Learning to speak Spanish – The Language Hacking Guide by Benny Lewis

Duke and I spent two weeks traveling in Mexico in 2007. Duke is fluent in Spanish and his ability to really communicate made our trip so much more enjoyable than it would have been otherwise. Ever since then I have been working on learning Spanish. I want to speak Spanish fluently.

I've worked my way  through Madrigal's Magical Key to Spanish by Margaret Madrigal, I'm listening to and practicing with the Coffee Break Spanish and Showtime Spanish Podcasts produced by the Radio Lingua Network. I downloaded the Flashcards Deluxe app to my iPod Touch. I've set it to use a spaced repetition system and I've created several decks of Spanish flash cards that I practice with.  As I discussed in a previous post I am using Mango Languages on the Washoe County library web site and I like it a lot.

In spite of studying a lot for three years I still don't really speak Spanish. It is just like the four years of French I studied in high school. Even though I know a lot of the language I can not really speak it or communicate in it.

LHGRecently I bought The Language Hacking Guide by Benny Lewis. It is an ebook and included interviews, worksheets and translations.  To quote Benny's web site:

"The Language Hacking Guide explains exactly what you need to do to speak a language quickly. Rather than read through the guide to find out my one major ‘secret’, I can tell you right now. You need to speak the language from day one."

I think I really knew that the only way to speak and understand Spanish is to start speaking it. But that is really hard for me.  I don't like to appear foolish. I like to be right and I am very bad at asking for help or asking to be corrected. I am definitely not an extrovert.

The Language Hacking Guide convinced me. Benny's positive enthusiastic style and advice got me over the hump. 

Part one of The Language Hacking Guide is about Mentality. Benny says that although a goal like - I want ot learn to speak and understand Spanish is fine you really have ot have short term aims. So that is what I am working on. My goals so far are not really specific enough but I am speaking Spanish more with Duke and I think I am making some progress.

Benny also urges learners to have a language log to document progress and to share the struggle. So one  of my gaols will be to post regular updates on my progress here on this blog. I've added a Learning Spanish category to my category list on the left.

If you are interested in Benny's approach go to Benny's Fluent in Three Months web site. There you can sign up for his weekly language hacking tips.

If any of you reading this have any suggestions for how to learn to speak Spanish I would really appreciate your input and of course I appreciate your cheer leading. Thanks in advance.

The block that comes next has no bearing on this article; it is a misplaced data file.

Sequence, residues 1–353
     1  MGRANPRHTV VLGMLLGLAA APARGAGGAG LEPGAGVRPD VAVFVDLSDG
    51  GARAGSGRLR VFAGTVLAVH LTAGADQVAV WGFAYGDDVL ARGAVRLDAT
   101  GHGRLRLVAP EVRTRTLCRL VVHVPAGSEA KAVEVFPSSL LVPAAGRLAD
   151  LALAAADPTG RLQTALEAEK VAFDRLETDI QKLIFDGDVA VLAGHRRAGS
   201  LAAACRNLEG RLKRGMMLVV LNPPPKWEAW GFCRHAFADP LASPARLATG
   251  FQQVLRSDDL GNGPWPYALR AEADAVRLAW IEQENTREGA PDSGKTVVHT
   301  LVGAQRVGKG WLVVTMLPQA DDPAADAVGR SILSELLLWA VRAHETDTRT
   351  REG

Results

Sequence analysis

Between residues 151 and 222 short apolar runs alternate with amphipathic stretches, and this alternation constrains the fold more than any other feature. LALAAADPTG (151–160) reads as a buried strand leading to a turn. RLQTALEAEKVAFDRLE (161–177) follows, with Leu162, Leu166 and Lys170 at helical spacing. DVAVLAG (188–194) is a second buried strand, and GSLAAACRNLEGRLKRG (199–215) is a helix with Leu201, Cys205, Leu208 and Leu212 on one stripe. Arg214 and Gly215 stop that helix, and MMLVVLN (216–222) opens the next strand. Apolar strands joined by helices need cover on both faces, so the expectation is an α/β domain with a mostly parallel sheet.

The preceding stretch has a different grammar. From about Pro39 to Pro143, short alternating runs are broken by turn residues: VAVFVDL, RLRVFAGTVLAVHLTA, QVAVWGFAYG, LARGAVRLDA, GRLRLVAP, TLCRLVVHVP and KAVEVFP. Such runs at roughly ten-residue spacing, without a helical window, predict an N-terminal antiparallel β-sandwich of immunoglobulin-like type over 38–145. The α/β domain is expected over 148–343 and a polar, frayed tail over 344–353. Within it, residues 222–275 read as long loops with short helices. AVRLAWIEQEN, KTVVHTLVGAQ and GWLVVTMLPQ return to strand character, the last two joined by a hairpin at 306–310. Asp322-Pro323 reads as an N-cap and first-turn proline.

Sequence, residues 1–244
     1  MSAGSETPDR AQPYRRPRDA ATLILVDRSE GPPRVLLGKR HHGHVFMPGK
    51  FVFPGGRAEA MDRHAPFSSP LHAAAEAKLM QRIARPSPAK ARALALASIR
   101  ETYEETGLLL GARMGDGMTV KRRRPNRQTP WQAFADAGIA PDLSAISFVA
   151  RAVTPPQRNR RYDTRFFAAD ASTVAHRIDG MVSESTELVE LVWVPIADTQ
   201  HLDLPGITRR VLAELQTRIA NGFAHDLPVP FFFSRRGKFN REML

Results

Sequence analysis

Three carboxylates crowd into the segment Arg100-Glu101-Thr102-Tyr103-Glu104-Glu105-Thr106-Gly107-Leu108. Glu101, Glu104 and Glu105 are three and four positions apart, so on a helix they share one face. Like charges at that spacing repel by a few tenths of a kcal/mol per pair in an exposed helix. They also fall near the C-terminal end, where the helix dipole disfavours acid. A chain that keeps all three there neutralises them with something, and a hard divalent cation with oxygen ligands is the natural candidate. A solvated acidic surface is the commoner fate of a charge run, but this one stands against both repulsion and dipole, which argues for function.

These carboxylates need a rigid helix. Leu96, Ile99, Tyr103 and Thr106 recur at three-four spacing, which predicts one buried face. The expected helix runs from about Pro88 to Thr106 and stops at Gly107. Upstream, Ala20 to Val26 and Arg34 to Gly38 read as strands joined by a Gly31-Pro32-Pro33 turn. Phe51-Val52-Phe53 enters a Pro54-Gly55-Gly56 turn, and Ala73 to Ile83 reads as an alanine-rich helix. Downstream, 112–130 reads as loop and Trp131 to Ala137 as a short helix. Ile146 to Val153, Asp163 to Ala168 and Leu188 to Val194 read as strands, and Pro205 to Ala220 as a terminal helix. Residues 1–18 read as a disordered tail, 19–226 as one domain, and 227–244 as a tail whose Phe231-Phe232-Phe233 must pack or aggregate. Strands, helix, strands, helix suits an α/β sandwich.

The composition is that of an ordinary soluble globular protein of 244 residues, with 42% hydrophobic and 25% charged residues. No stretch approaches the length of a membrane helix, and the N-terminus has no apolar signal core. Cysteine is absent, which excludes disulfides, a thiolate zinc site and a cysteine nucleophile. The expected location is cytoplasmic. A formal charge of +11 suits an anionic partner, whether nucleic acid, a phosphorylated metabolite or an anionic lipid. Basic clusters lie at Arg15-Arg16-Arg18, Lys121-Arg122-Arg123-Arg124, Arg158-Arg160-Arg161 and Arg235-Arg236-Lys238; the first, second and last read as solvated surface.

Author: marionvermazen

I am a traveler, hiker, avid reader, Sun alumnus, computer geek, Spanish and French language student, knitter and genealogist. I am retired after working for almost 30 years in the Computer Industry. I live in Reno, Nevada with my husband Duke.

6 thoughts on “Learning to speak Spanish – The Language Hacking Guide by Benny Lewis”

  1. Hi Miriam – Nice progress on your goal to learn Spanish! I studied Spanish for a long time in school and eventually became fluent. While school was a good foundation to learn vocabulary, grammar, syntax, spelling, etc., I found the best way to improve comprehension and speech was immersion. Immersion challenged me to think on my feet but, at the same time, feel very uncomfortable! The good news about feeling nervous and uncomfortable is that, for me, it was a sign that I was internalizing the information and actually learning! My first immersion experience was a volunteer one – working with level 1 English learners in an ESL class in San Jose. I had to teach English by using Spanish, which really forced me to think on my feet. I highly recommend this type of experience, particularly the time during breaks when you might be able to speak Spanish with students and have conversations using vocabulary you know. I’m not sure if there is a large enough Spanish-speaking community where you live but, if there is, you might consider giving it a shot. Good luck!

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  2. I agree with Bill, immersion is really the best way to go for comfort in speaking. Maybe another trip to Mexico? I was also going to suggest that maybe you start journaling or blogging in Spanish. It’s a good way to go through what you are doing on a daily basis or experiences you have. That way when you want to talk about what you have been up to you have already had the practice writing it out. My journal was one of my favorite things to do when I was fully immersed.

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  3. Bill, Thank you so much for the encouragement. I really appreciate it. I like the ESL teaching idea. I think I will look into it. I’ll keep you posted.
    Marion

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  4. Christina, Thanks for the ideas. The encouragement is really appreciated. Another trip to Mexico is definitely in the future. Maybe next year. The journal is a good idea. Even writing just a few sentences a day would probably help. Maybe I should try Twittering in Spanish :-)I think I’ll try it.
    Marion

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  5. The easiest way to start learning Spanish would be to pick up a Spanish textbook and start drilling yourself on vocabulary. This option, however, is not usually the best choice. Without hearing the language spoken, you can’t develop a natural accent or learn to carry on a natural conversation.

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